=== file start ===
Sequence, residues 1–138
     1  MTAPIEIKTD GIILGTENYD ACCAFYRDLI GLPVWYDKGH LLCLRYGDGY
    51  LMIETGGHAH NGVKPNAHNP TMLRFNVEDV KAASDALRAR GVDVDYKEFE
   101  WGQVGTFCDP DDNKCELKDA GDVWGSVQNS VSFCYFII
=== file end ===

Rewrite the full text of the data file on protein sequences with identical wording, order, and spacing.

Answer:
Sequence, residues 1–138
     1  MTAPIEIKTD GIILGTENYD ACCAFYRDLI GLPVWYDKGH LLCLRYGDGY
    51  LMIETGGHAH NGVKPNAHNP TMLRFNVEDV KAASDALRAR GVDVDYKEFE
   101  WGQVGTFCDP DDNKCELKDA GDVWGSVQNS VSFCYFII